University websites generally have lots of pages designed to cater to a diverse constituency of prospective students, current students, faculty, staff and parents. Powerful search technology like Swiftype helps higher education institutions to improve the accessibility of their websites so that their site visitors can find the content that’s relevant to them.

8 — Great Developers Ship, They Don’t Configure Search

“Engineers and developers want to spend more time developing products and websites, not configuring search. It’s pretty obvious, and understandable. Developing allows them to be creative, solve problems, and build new things. Search, albeit a critical feature for site visitors, is part of a site’s foundation. It should already be there. And it should work, and work well.”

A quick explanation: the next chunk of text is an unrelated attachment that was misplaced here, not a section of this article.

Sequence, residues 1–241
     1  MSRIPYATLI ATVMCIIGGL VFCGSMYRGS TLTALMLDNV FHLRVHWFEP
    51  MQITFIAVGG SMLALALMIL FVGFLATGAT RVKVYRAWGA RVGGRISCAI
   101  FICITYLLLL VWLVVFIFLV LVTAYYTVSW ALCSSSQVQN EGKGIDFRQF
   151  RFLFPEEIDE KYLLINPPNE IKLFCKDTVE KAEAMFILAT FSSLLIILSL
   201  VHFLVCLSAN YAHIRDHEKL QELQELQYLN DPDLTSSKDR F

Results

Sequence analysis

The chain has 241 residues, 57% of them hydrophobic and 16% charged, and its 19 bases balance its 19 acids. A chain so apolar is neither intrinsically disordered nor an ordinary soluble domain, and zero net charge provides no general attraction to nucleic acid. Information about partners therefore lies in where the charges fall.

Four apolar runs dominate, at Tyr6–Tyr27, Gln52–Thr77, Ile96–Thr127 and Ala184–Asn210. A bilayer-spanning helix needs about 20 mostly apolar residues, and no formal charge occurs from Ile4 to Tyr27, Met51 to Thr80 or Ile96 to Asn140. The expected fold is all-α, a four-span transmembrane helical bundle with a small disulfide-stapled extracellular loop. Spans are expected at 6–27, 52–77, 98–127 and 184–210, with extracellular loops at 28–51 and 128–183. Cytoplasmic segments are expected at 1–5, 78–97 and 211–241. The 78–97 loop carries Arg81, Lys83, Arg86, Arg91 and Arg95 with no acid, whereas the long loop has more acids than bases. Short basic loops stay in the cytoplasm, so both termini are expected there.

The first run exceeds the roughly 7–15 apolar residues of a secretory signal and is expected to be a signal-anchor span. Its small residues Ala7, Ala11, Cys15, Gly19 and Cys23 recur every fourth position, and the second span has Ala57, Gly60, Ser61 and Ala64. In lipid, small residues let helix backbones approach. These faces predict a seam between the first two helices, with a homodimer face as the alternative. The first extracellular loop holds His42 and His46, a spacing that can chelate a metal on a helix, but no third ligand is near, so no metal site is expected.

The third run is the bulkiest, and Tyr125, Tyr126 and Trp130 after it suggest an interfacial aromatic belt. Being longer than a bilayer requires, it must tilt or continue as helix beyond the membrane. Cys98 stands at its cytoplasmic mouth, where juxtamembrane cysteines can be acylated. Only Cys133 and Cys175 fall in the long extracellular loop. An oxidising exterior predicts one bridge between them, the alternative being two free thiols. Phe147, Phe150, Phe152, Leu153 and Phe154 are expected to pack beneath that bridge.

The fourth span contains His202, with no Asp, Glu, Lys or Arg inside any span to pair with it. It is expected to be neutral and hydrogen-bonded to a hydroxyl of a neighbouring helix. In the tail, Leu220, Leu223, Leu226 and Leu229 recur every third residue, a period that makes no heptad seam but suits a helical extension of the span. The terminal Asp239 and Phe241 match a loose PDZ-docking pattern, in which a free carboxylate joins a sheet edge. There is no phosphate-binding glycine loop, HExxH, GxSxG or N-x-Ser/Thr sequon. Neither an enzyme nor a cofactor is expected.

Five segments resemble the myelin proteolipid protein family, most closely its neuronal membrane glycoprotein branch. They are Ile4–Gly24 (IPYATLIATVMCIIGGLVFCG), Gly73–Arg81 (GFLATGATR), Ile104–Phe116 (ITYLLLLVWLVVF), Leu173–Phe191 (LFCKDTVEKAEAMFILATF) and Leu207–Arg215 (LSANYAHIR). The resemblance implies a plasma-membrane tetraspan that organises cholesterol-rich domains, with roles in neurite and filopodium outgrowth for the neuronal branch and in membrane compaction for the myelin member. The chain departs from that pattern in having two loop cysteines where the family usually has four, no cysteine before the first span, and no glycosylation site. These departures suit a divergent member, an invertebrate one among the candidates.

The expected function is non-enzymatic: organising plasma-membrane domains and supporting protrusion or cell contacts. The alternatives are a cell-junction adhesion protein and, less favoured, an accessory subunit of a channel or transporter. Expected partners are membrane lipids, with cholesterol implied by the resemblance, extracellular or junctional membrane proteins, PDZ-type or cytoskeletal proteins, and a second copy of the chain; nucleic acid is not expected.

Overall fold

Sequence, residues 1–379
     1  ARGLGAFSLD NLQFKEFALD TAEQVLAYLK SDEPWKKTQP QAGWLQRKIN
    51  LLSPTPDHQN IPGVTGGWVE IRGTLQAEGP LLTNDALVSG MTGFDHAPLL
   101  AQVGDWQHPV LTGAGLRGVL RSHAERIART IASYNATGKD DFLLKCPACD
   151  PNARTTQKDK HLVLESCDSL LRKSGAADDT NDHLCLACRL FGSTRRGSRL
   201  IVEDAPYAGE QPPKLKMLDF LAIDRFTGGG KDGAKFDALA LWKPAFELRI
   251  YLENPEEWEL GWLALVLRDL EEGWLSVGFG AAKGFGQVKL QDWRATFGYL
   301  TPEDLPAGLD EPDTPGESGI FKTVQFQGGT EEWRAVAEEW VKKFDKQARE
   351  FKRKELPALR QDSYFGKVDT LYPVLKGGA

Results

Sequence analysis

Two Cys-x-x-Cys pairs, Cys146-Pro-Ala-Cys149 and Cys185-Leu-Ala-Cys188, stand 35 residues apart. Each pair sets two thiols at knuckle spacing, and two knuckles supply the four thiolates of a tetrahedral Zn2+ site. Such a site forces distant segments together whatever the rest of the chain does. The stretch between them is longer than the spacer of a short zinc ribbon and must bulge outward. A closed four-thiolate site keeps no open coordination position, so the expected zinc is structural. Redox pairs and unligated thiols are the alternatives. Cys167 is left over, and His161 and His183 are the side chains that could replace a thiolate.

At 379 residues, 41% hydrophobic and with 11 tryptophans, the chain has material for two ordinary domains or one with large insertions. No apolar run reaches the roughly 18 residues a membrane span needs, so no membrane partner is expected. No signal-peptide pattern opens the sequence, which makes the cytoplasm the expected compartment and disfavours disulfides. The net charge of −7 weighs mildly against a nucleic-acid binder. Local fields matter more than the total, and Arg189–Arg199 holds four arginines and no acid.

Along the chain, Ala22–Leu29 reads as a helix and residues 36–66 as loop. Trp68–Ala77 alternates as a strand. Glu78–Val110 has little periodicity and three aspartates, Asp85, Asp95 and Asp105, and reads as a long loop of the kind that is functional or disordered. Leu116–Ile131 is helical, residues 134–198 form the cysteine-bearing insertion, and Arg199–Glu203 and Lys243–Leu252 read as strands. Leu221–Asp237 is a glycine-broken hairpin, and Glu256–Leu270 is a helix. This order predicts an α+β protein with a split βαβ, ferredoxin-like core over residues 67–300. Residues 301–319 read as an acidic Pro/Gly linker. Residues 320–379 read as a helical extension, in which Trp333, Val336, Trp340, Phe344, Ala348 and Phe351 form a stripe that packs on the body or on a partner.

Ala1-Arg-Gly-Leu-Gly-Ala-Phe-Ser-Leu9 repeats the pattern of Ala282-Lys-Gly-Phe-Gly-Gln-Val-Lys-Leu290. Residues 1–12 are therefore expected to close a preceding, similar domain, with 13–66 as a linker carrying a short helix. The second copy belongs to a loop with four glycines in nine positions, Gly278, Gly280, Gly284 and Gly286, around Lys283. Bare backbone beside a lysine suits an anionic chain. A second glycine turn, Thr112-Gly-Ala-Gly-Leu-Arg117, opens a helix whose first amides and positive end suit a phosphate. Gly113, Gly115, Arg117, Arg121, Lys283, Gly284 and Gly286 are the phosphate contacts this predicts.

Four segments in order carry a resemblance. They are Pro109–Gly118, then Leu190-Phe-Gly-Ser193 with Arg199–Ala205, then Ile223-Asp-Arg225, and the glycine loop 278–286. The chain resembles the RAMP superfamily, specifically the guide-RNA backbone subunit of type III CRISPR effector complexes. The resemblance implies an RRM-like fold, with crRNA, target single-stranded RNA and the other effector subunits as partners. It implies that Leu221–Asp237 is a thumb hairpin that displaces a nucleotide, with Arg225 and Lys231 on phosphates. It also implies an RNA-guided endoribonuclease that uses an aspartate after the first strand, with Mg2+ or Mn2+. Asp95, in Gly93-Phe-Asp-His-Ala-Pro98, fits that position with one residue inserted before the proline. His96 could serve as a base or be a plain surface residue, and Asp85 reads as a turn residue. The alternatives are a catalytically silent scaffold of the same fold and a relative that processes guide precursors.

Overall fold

As you can imagine, we love to build search products at Swiftype and can tell you that they’re difficult to get right. When you’re working on a product or website and need search functionality, you may not have the time or resources to allocate towards building search. And that’s where we come in with our robust search as a service solution and well-documented developer APIs.

9 — Welcome to the Swiftype office in San Francisco [HQ Photo Tour]

“Welcome to Swiftype Headquarters in San Francisco, California. Founders Matt Riley and Quin Hoxie have created a comfortable and fun office environment with an open floor plan, scattered lounges, and various collaborative areas. Take a look at our office photos below to experience a day in the life of a Swiftype team member.”

Take a tour of the Swiftype/Elastic San Francisco Office and get a feel for what it’s like to work at a high-growth startup.